AskDefine | Define theophany

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theophany n : a visible (but not necessarily material) manifestation of a deity to a human person

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English

Noun

  1. A visible manifestation of a deity.

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Extensive Definition

From the Greek, theophaneia which translates "appearance/showing of God", theophany means an appearance of a god to man, or a divine disclosure.
This term has been used to refer to appearances of the gods in the ancient Greek and Near Eastern religions. While the Iliad is our earliest source for descriptions of theophanies in the Classical tradition (and they occur throughout Greek mythology), probably the earliest description of a theophany is in the Epic of Gilgamesh. The term, however, has acquired its technical usage through the Bible. In its most restrictive sense, it is a visible appearance of God in the Old Testament. Some Bible commentators believe that “the angel of the Lord” who appears in several places throughout the Old Testament is translated to be the pre-incarnate Christ, which is Christ before his manifestation into human form in the New Testament.

Greek tradition

The appearance of Zeus to Semele in his full godhead, "all his glory", is more than a mortal can stand and she is burned to death by the flames of his power. However, most Greek theophanies were less deadly. Unusual for Greek mythology is the story of the immortal Prometheus, not an Olympian but a Titan, who brought knowledge of fire to humanity. There are no descriptions of the humans involved in this theophany, but Prometheus was severely punished by Zeus.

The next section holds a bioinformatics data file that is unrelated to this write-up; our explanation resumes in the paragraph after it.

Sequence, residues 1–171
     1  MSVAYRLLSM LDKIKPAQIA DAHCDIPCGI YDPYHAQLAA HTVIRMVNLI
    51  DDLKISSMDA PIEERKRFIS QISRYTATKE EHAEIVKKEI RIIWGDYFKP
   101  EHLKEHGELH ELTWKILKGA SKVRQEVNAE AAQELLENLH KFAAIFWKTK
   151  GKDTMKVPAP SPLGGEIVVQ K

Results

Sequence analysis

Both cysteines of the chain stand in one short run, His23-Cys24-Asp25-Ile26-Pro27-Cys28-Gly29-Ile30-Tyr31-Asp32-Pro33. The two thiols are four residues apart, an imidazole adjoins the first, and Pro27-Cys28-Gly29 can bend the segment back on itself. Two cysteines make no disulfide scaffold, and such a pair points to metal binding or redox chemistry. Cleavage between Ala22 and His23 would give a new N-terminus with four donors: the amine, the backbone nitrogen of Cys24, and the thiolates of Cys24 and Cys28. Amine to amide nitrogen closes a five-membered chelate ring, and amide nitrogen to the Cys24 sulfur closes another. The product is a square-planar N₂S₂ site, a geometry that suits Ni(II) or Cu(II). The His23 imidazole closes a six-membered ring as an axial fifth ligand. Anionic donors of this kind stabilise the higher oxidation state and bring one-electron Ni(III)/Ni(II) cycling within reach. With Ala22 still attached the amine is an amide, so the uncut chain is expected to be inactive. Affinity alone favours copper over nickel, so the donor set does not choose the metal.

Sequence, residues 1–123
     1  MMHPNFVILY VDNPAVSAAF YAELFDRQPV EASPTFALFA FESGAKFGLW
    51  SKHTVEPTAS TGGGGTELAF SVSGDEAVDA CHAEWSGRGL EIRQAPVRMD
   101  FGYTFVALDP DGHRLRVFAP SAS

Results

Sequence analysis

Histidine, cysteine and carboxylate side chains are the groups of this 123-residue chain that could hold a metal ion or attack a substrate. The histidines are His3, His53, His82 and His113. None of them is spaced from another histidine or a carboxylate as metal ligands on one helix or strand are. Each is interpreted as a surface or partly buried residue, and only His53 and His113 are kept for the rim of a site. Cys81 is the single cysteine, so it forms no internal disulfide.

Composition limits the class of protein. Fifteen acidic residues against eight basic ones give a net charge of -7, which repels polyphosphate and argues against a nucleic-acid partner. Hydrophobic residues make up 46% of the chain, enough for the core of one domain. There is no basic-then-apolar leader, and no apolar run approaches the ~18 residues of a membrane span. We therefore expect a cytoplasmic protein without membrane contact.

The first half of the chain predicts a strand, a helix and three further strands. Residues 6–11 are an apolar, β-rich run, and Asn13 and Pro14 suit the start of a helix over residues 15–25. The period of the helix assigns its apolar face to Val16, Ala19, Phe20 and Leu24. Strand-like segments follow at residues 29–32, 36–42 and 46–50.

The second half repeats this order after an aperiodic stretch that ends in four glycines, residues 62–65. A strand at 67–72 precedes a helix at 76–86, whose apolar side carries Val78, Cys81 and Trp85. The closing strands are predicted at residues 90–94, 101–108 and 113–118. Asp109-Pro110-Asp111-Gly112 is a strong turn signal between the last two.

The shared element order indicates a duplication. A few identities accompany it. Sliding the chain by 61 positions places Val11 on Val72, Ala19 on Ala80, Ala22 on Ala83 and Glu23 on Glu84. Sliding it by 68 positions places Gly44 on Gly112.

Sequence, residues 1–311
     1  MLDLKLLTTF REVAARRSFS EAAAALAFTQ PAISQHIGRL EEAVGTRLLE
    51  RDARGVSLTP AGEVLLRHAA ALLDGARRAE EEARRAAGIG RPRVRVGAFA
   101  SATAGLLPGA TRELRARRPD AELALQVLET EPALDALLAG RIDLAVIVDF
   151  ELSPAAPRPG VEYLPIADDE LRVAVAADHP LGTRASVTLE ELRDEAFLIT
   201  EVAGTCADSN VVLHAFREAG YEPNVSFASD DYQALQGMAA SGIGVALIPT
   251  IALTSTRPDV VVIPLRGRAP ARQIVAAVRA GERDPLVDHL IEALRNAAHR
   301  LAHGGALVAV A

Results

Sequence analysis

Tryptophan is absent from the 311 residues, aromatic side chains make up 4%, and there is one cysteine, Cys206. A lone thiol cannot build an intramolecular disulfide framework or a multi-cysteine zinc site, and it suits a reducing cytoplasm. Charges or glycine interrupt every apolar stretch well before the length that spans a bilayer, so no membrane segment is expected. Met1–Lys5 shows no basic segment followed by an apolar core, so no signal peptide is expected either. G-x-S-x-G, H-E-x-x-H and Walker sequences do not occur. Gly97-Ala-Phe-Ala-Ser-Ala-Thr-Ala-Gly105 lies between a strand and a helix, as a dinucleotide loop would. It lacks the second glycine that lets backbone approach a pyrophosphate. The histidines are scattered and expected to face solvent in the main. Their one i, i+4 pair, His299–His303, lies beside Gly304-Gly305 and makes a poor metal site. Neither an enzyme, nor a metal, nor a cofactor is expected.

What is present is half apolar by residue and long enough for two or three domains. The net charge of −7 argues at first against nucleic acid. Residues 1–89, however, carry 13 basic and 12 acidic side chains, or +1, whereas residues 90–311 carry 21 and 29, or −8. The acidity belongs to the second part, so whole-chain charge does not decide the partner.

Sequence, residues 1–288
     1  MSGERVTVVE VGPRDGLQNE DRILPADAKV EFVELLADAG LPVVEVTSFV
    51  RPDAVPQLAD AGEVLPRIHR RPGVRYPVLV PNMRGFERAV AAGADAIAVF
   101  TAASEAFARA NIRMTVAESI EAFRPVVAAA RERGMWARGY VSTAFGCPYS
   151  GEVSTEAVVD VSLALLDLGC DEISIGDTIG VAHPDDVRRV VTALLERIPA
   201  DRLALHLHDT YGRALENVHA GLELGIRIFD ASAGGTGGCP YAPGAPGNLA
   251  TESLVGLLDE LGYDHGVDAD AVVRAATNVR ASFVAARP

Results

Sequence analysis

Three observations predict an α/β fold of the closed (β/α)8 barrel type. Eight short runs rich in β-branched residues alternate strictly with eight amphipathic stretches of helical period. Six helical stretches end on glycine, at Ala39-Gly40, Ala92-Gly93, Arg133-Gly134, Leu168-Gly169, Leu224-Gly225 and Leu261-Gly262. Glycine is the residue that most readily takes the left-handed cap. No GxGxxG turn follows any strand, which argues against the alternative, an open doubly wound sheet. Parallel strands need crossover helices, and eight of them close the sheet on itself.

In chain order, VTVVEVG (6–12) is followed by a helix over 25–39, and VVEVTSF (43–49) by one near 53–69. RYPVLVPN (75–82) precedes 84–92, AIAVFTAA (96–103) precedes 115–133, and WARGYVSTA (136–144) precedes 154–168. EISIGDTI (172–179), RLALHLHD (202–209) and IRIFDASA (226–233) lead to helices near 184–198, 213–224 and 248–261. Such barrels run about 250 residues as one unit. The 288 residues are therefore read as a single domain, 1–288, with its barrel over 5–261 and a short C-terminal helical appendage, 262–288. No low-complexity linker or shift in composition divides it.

Catholic tradition

The New Catholic Encyclopedia cites examples such as Gen 3:8a. The same source then quotes Gen 16:7-14. In this case, initially it is an angel which appears to Hagar, however it then says that God spoke directly to her, and that she saw God and lived (Gen 16:13). The next example the New Catholic Encyclopedia cites is Gen 22:11-15, which states explicitly that it was the angel of the Lord speaking to Abraham (Gen 22:11a). However, the angel addressing Abraham speaks the words of God in the first person (Gen 22:12b). In both of the last two examples, although it is an angel present, the voice is of God spoken through the angel, and so this is a manifestation of God Himself.
A similar case would be Moses and the burning bush. Initially Moses saw an angel in the bush, but then goes on to have a direct conversation with God himself (Ex 3).
In the case of Jesus Christ according to the gospels and tradition, Christians understand him to be God the son, become man (Jn 1:14). The New Catholic Encyclopedia, however, makes few references to a theophany from the gospels. Mk 1:9-11, and Lk 9:28-36 are cited which recount the Baptism, and the Transfiguration of Jesus Christ respectively. Although Jesus Christ is believed by Christians to be a manifestation of the divine throughout his life, it is only when his divine glory is not veiled by his humanity, that it could be termed theophany.